As we’ve seen, the wind blows the thistle far and wide, every bounce knocking more of those 200 thousand plus seeds onto the ground, and the whole cycle starts up again when the rains come and open those seeds up.

This has proven to be an extremely effective survival strategy, especially on certain kinds of dry, flat landscapes like the Russian steppes and the American West.

But we’ve also done a lot as people to help them spread.

Since its seeds are about the same size as other cereal grains, it was difficult to separate them out mechanically. So, they would contaminate grain shipments. And thanks to the railroad, they were able to spread hundreds of miles with little effort.

Oh, and they could also float along canals and ditches, which also helped them spread.

And because of all that spreading, we’re now seeing all those problems I was talking about earlier.

By the way, if you’re hearing me talk about this rapidly spreading invasive species that’s swallowing up whole neighborhoods and you’re thinking to yourself that this can’t possibly get any worse… You haven’t been awake during the 2020s have you? Things only get worse!

Let me introduce you to Salsola ryanii. Also known as “monster tumbleweed.”

This is a hybrid tumbleweed that starts – starts at 2 meters high. That’s 6 feet for you imperialists.

It popped up fairly recently and at first scientists thought it would just die out, but much like that dorky photo of you from middle school that you thought you deleted from your Myspace account, it seems here to stay.

A study published in AoB PLANTS in February 2020 explains that the new species is a hybrid with doubled pairs of its parents’ chromosomes. This causes it to grow much bigger than regular tumbleweeds.

As the study co-author Norman Ellstrand says:

Salsola ryanii is a nasty species replacing other nasty species of tumbleweed in the U.S.”

One other reason it grows so big is it tends to grow on the later side of winter. This means it’s still green in the summer and can take advantage of summer rains.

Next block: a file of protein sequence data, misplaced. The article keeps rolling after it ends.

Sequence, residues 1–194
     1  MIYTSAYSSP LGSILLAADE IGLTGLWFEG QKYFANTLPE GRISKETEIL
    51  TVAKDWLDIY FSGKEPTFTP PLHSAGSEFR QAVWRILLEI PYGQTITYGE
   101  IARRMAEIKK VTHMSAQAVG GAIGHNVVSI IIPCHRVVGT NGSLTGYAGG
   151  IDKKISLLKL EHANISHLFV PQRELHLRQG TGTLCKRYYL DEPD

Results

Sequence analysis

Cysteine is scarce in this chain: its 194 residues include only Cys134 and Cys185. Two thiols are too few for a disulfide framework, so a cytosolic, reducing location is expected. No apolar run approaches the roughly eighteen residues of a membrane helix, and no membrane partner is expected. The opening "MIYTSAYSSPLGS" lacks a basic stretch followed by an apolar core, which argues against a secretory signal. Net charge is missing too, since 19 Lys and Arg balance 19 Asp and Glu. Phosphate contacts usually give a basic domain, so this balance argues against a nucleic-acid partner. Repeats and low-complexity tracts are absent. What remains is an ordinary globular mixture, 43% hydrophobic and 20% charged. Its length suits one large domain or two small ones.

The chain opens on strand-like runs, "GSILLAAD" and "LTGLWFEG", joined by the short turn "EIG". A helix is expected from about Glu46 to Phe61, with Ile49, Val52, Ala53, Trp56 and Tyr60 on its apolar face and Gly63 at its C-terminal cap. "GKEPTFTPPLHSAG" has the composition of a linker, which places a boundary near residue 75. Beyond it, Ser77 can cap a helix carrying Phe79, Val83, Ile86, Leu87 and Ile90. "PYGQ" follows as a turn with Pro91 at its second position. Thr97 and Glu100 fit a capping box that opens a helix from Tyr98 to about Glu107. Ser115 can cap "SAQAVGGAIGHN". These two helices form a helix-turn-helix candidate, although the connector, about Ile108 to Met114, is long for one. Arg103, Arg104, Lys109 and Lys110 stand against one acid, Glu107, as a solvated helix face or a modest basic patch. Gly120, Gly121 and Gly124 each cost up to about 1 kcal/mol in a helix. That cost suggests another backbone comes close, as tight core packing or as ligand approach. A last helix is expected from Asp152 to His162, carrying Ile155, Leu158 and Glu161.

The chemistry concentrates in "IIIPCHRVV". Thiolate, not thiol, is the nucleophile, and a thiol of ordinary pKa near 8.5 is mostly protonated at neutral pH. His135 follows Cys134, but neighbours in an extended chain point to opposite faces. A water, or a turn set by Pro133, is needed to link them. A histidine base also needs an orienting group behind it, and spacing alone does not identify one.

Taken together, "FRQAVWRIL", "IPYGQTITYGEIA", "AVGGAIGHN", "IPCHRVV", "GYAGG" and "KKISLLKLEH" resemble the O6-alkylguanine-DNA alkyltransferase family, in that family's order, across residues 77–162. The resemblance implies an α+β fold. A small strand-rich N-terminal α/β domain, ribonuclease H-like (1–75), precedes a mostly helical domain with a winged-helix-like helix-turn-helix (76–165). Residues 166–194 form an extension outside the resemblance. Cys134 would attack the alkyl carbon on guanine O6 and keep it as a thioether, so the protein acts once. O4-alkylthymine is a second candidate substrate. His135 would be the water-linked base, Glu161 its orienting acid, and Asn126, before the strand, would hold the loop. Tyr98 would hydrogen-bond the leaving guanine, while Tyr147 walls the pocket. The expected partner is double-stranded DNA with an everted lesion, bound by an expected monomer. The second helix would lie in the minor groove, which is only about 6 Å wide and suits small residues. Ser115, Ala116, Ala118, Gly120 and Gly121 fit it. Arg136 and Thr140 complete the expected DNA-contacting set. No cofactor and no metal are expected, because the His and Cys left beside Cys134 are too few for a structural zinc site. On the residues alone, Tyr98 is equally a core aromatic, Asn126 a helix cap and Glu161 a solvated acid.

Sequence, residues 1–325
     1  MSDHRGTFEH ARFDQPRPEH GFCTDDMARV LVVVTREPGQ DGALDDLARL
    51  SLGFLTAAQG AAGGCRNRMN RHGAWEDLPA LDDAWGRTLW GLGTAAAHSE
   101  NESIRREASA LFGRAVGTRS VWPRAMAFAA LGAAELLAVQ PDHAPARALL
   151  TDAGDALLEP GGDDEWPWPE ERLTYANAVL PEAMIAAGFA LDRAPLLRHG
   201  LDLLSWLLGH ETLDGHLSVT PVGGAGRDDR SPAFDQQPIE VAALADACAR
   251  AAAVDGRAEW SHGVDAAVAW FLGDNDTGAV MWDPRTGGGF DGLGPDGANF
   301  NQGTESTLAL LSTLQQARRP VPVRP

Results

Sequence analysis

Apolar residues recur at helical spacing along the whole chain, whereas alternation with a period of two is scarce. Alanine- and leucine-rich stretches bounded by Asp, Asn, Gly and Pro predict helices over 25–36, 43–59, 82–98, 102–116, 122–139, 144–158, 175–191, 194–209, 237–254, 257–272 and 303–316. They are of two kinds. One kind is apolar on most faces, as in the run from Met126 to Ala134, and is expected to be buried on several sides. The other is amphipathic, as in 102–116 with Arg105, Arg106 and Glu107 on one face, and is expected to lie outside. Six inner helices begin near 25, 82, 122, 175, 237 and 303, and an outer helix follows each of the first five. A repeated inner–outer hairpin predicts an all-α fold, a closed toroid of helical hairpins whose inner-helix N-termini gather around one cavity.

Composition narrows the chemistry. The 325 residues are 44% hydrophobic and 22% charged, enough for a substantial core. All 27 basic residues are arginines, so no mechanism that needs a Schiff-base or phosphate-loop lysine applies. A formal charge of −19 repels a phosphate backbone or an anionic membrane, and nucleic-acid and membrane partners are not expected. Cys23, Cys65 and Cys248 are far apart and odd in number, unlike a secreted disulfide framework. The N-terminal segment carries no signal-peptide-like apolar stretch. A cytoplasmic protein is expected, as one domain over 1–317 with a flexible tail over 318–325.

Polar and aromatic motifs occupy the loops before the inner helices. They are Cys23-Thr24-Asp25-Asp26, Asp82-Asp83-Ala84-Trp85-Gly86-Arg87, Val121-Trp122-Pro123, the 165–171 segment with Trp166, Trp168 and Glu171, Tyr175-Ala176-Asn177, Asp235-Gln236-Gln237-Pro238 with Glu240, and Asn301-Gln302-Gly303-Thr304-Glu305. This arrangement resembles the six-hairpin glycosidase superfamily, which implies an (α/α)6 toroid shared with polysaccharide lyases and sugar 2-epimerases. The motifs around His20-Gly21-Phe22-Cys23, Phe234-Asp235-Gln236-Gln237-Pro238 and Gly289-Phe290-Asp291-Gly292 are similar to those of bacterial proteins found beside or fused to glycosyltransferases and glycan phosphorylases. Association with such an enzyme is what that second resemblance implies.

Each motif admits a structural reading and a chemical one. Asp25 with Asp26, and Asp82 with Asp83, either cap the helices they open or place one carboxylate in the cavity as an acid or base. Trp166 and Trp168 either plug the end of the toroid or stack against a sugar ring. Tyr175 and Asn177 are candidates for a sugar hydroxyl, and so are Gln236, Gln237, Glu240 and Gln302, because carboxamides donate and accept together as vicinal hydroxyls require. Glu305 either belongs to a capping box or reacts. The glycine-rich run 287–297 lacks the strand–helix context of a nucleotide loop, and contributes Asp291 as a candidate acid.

All of which means bigger tumbleweeds, bigger piles of tumbleweeds, and on top of all that, it’s destroying our soil.

According to a study in 2004, tumbleweeds may be what they call a cadmium hyperaccumulating species.

This means the plant prefers to take up cadmium from the soil and keep it in its leaves and stems. The plant may also remove high levels of oxalates.

All of which depletes the soil of nutrients and make crops even harder to grow.

So what can we do about them?

Certain herbicides are effective against them, but there are more sustainable ways to minimize their damage.

For one, you can stamp them out before the seeds start to spread. If you live somewhere that has a lot of tumbleweeds, pull them from the ground.

Make sure you get all of the plant, including the seeds. But be careful and wear protective gloves since tumbleweeds have those sharp points.

Some farmers are exploring a variety of biocontrols to get rid of them. These include a mite, two moth species, a stem-boring insect, a defoliating insect, and two fungus species.

Those two fungus species by the way, they were found on infected thistle plants in Hungary and Russia and scientists were able to isolate it to help control tumbleweeds.

So, bringing in a foreign species to fight a foreign species. What could go wrong?

Hopefully nothing this time. But our track record on these things has not been great.

Like in the 1930s when they were trying to control pests in sugar cane fields so they brought in cane toads from South America and just kinda let them loose in Florida.

Now there are thousands of them all over the state, which wouldn’t be a problem except for the fact that they’re toxic.

Yeah, they’re a real threat to any local animals that try to eat them, including pets. Don’t let your dog eat a cane toad, it will kill your dog.

They also compete with native frogs and toads for food and breeding areas.

Another invasive species in the south is Kudzu. It’s a vine native to China and Japan and was brought to the U.S. in 1876 for decorative purposes.

Now, it’s nicknamed “the vine that ate the South.”

It grows at a rate of 0.3 meters (1 foot) per day and overtakes everything from native grasses to mature trees. Once it completely engulfs a tree, it blocks sunlight and the tree dies underneath it.

And of course these aren’t just trees, they’re whole ecosystems for animals and insects, so there’s a domino effect that happens.

So you got the Kudzu swallowing forests in the south and tumbleweeds swallowing neighborhoods in the west.

Maybe someday they’ll go to war with each other for control of America. Whoever wins… We all lose.

But yeah, tumbleweeds. Barely even existed during the old west. Way over-exists now.

It really is amazing how much we think we know about years past that have been completely made up by pop culture. Like when I went down that Victorian rabbit hole a while back, it hit me that that was the same time period as the Old West. All those famous outlaws were just frontier Victorians.

All those gunfights in front of saloons were just arguments over arsenic-laced wallpaper and cocaine toothache drops.

Anyway, I hope you found Tumbleweeds as surprisingly interesting as I did and if you learned something and you enjoy learning things, you might want to check out today’s sponsor, Brilliant.